WHEN THE WOLF HOWLS – Chapter 35

Posted: January 20, 2016 in When the Wolf Howls
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WHEN THE WOLF HOWLS

Dagger for When the Wolf Howls

© by Ross Cochrane

Chapter 35

The servants are afraid that their words might somehow get back to David. Absalom has a good relationship with all in the court. He has a way with people. They tell him things. Their grievances. Their dreams. Absalom is on their side. Still, the servants quieten down as Absalom walks past the gate.

Absalom stays awhile as usual to talk with the men and notices Uriah. Why is he here? Why didn’t he go home? He begins asking questions of the servants furthest away from him, but he can see that there is a reluctance to answer. The atmosphere is awkward for a time but Absalom diverts the conversation to other things – weather, war, politics and matters of law and justice, until they open up. He is known as one who investigates cases worthy of justice for the people. One of the more forthright and foolish servants is curious since they are talking of the law.

“I know of a man whose wife has been unfaithful? What will he do?” Other servants begin to withdraw from the conversation.

“He should bring charges and demand justice. She must be stoned as the law demands. The man must be found and stoned as well,” he replies.

“And what if the man responsible were powerful and there was no proof, except a pregnancy, and he was trying to cover it up?”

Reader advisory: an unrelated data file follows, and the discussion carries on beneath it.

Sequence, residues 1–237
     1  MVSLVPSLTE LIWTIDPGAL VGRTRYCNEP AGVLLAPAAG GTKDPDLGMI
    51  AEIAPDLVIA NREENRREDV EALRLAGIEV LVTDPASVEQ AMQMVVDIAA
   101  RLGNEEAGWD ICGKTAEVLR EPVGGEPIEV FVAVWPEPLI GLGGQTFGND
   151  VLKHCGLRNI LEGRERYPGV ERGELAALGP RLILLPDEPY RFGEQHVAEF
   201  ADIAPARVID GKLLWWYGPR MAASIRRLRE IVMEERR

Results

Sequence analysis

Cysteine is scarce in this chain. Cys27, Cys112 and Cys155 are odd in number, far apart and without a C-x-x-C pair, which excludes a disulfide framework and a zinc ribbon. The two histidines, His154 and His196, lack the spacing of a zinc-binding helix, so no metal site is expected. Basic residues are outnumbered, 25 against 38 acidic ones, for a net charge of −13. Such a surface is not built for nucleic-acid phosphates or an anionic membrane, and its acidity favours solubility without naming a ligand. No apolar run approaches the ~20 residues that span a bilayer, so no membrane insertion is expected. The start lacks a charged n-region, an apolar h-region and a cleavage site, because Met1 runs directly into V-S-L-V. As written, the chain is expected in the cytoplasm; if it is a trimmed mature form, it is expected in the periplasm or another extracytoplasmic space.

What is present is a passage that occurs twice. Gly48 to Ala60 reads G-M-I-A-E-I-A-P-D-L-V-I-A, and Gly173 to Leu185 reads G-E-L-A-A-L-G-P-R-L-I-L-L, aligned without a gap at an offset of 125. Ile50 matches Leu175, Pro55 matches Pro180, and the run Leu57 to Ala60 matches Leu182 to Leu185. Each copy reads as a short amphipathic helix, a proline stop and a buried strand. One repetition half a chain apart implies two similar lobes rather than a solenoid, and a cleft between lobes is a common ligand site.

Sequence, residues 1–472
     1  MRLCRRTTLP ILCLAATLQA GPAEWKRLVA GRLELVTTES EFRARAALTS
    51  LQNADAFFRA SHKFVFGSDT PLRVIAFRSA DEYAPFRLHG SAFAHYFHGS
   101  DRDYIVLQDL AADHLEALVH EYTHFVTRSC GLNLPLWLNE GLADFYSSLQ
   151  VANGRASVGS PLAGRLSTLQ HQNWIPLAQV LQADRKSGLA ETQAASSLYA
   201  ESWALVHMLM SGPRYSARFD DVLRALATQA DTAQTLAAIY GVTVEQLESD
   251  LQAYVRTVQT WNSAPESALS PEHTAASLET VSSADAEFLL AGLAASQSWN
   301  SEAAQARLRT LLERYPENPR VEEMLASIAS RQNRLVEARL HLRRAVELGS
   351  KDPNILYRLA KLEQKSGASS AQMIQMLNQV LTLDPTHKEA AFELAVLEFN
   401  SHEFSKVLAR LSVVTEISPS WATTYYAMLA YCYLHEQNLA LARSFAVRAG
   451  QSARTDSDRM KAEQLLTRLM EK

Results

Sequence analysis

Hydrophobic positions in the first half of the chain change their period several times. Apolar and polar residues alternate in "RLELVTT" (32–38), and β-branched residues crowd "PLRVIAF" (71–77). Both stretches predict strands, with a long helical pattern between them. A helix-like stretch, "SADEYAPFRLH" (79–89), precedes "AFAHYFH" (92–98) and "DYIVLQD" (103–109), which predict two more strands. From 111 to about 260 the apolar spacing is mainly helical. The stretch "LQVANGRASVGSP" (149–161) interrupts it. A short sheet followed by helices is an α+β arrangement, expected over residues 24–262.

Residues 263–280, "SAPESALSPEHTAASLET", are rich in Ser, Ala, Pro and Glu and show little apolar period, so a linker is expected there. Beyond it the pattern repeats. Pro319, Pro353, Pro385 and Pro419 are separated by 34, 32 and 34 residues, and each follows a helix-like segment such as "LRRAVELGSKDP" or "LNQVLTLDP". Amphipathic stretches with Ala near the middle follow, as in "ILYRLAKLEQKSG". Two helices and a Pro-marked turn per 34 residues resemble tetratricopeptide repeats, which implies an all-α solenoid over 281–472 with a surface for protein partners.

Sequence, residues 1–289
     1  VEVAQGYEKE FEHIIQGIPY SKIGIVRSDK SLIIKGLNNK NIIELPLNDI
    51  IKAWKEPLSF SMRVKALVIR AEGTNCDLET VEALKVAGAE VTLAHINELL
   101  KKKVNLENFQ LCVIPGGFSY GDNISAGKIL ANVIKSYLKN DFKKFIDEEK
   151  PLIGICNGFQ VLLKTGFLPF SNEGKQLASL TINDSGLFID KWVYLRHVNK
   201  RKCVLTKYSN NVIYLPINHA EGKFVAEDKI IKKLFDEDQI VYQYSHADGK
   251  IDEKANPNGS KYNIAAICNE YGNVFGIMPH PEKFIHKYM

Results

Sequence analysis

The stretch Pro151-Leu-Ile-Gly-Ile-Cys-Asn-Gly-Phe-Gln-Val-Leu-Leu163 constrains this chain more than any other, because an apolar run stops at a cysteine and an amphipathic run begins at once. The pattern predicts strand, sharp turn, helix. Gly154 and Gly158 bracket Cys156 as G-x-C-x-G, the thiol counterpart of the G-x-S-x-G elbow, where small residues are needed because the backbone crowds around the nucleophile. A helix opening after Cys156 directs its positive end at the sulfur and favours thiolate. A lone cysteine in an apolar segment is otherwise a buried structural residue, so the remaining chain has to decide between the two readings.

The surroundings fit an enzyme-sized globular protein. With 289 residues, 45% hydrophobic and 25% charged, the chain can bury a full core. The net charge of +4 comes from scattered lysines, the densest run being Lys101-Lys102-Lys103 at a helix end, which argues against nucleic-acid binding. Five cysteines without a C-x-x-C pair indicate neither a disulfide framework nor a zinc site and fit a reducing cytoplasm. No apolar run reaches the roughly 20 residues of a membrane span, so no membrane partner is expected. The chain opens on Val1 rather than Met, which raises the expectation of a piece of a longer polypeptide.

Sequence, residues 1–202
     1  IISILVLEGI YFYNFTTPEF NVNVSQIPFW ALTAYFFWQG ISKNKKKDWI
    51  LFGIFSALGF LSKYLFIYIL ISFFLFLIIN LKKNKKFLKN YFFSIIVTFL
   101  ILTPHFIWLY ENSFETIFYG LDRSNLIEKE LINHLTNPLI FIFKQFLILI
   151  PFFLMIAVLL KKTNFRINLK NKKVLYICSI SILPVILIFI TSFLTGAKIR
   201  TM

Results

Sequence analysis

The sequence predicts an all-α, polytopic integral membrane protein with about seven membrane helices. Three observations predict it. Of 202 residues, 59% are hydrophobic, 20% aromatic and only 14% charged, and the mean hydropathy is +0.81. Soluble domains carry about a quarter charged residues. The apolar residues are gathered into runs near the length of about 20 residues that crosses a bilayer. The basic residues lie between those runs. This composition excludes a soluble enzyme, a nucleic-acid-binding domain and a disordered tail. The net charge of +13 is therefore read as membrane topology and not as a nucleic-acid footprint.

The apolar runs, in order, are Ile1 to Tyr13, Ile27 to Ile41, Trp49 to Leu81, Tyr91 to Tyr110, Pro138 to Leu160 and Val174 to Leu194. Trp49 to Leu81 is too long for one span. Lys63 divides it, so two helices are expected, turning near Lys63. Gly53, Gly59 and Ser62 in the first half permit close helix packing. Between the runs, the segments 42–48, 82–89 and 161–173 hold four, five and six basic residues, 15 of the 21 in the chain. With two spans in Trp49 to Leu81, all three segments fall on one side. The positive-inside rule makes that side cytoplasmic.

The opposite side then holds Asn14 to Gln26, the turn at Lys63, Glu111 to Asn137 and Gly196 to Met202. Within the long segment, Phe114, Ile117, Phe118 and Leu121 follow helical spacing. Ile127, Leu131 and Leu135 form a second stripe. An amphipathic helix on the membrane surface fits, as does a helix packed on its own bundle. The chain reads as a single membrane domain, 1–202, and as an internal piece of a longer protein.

A hushed silence ensued as Absalom sought to find a context for the question.

“How can you cover up a pregnancy?” he asks.

“The husband will sleep with his wife and it will look as if the child is his.” The servant has said too much.

Absalom considers what he is being told and replies slowly,

“No man should get away with adultery because of his position.” He pauses, thinking of the rumours of the beautiful woman in court some time ago and adds,

“I would not give the man opportunity to cover up his sin if I could help it at all. That’s all the advice that I am willing to give you. Perhaps it would be wiser of you hold your peace until this man you know is willing to lay charges.”

“Yes sir.” The servant backs away, knowing that he has overstepped the limit of discussion.

Absalom leaves, but in the ensuing conversation it is agreed that Uriah is right to stay at the king’s gate where there are plenty of witnesses, and he is wise not even to speak with his wife.

Absalom came to the king that day. He spoke of trivial things and David was not at all interested in the conversation until he happened to mention, in passing, that Uriah had slept in the guard’s and servant’s quarters at the king’s gate. David’s face paled as Absalom continued. David was not hearing him. Why didn’t Uriah go home? What was happening to his plan? He came out of his daze as Absalom said,

“Why didn’t you allow Uriah to go home? He lives next door after all?”

“Don’t be ridiculous, Absalom, I didn’t force him to stay at court! I encouraged him to go home. Bring him to me at once.”

There seemed to be some tension in the king’s voice as he spoke with Uriah, “Uriah, you have come a long way to get here, yet I hear that you did not go home last night. Why?”

Uriah had had all night to reflect on his answer. He looked to the floor and then briefly glanced over at Absalom, but he too was obviously interested in his answer. Uriah the Hittite looked into the eyes of David as he replied,

“The ark and Israel and Judah are staying in tents, and my master Joab and my lords men are camped in the open fields. How could I go to my house to eat and drink and lie with my wife? As surely as you live, I will not do such a thing!”

The answer cut deeply into David’s soul. As long as I live? He fleetingly thought of the penalties of adultery in the law as he gazed at Uriah, not knowing what to say.

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